Spatial expression and functionality of drug transporters in the intact lung: Objectives for further research

Gumbleton, Mark, Al-Jayyoussi, Ghaith, Crandon-Lewis, Adam, Francombe, Danielle, Kreitmeyr, Katharina, Morris, Chris J. ORCID: and Smith, Mathew W. (2010) Spatial expression and functionality of drug transporters in the intact lung: Objectives for further research. Advanced Drug Delivery Reviews, 63 (1-2). pp. 110-118.

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This commentary provides a background appraising evidence in the intact lung on the spatial expression of drug transporters and, where available, evidence in the intact lung of the impact, or otherwise, that such transporters can have upon pulmonary drug absorption and disposition. Ultimately drug discovery and development scientists will wish to identify in a ‘pulmonary’ context the effect of disease upon transporter function, the potential for drug transporters to contribute to drug–drug interactions and to inter-individual variation in drug handling and response. The rate and extent of lung epithelial permeation of drugs involve an interplay between the dose and the deposition site of drug within the lung and physiological variables operational at the epithelial–luminal interface. Amongst the latter variables is the potential impact of active transporter processes which may well display regio-selective characteristics along the epithelial tract. In pulmonary tissues the spatial pattern of drug transporter expression is generally poorly defined and the functional significance of transporters within the intact lung is explored in only a limited manner. Active transporters in the lung epithelium may affect airway residence times of drug, modulate access of drug to intracellular targets and to submucosal lung tissue, and potentially influence airway to systemic drug absorption profiles. Transporters in the lung tissue may also have the capacity to mediate uptake of drug from the systemic circulation resulting in drug accumulation in the lung. Transporters have physiological roles and new drug candidates while not necessarily serving as transport substrates may modulate transporter activity and hence physiology. The commentary highlights a series of recommendations for further work in pulmonary drug transporter research.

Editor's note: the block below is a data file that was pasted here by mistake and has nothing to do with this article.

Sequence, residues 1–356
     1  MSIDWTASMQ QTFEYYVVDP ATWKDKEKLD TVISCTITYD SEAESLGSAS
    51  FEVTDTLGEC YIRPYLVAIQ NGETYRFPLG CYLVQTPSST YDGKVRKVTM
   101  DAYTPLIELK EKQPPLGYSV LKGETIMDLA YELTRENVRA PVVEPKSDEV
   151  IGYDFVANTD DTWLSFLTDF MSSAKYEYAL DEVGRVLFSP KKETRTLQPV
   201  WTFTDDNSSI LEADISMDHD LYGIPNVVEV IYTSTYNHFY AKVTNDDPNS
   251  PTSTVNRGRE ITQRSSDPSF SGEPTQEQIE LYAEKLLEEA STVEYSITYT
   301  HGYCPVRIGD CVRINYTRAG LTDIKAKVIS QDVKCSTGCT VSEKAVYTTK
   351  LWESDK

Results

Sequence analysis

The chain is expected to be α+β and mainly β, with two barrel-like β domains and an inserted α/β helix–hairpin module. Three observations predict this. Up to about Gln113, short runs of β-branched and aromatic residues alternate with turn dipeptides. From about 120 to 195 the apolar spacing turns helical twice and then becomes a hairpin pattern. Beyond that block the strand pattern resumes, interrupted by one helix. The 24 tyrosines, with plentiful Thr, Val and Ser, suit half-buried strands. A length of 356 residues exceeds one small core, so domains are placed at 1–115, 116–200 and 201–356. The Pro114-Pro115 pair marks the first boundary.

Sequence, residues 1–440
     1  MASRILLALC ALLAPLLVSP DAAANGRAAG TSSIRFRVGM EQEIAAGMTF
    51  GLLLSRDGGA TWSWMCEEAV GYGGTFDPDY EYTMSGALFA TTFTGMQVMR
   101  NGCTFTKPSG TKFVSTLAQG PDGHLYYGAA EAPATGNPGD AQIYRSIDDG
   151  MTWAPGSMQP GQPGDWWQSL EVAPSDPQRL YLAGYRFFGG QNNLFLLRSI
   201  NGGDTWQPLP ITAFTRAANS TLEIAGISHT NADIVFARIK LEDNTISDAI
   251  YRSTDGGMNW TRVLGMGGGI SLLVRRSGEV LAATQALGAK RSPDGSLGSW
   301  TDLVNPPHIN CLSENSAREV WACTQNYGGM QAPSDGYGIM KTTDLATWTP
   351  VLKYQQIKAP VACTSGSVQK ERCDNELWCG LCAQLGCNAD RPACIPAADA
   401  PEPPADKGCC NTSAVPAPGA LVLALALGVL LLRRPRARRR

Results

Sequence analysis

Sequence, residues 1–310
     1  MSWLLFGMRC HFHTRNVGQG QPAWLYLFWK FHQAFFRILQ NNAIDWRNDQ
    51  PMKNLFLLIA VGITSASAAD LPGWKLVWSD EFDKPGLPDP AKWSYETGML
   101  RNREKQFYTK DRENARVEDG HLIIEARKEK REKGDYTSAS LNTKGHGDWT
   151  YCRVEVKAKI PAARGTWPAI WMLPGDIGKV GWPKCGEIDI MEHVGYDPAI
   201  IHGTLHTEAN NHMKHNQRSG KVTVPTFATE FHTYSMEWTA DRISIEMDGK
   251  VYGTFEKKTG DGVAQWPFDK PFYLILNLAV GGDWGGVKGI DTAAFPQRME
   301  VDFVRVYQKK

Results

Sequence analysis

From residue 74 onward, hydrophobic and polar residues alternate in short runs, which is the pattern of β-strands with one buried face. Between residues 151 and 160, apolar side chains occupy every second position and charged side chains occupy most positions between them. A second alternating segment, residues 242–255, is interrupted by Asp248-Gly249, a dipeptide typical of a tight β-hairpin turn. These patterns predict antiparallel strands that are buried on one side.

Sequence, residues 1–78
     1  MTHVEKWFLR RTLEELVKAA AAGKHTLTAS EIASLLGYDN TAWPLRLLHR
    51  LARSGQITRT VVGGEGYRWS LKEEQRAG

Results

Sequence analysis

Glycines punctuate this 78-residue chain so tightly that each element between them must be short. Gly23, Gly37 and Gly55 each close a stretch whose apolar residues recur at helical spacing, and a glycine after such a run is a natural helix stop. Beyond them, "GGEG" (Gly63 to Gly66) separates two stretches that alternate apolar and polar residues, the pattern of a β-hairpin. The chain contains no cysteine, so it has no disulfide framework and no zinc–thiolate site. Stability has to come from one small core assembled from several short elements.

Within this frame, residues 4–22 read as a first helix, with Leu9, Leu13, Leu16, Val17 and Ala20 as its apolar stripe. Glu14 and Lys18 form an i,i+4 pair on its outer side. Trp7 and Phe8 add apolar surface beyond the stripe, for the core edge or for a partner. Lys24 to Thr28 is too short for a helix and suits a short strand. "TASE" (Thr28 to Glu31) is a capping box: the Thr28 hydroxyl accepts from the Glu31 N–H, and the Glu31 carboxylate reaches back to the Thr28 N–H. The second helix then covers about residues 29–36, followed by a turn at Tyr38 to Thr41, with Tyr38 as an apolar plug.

Item Type: Article
Faculty \ School: Faculty of Science > School of Pharmacy
UEA Research Groups: Faculty of Science > Research Groups > Drug Delivery and Pharmaceutical Materials (former - to 2017)
Faculty of Science > Research Groups > Pharmaceutical Materials and Soft Matter
Depositing User: Rachel Smith
Date Deposited: 17 Mar 2011 11:04
Last Modified: 08 Apr 2023 23:46
DOI: 10.1016/j.addr.2010.09.008

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